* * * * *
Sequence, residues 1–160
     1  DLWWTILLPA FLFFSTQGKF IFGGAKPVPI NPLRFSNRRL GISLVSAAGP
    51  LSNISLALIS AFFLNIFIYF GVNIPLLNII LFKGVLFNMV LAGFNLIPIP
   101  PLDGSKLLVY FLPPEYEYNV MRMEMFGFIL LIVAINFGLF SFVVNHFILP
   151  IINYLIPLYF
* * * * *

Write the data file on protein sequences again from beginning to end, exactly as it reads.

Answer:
Sequence, residues 1–160
     1  DLWWTILLPA FLFFSTQGKF IFGGAKPVPI NPLRFSNRRL GISLVSAAGP
    51  LSNISLALIS AFFLNIFIYF GVNIPLLNII LFKGVLFNMV LAGFNLIPIP
   101  PLDGSKLLVY FLPPEYEYNV MRMEMFGFIL LIVAINFGLF SFVVNHFILP
   151  IINYLIPLYF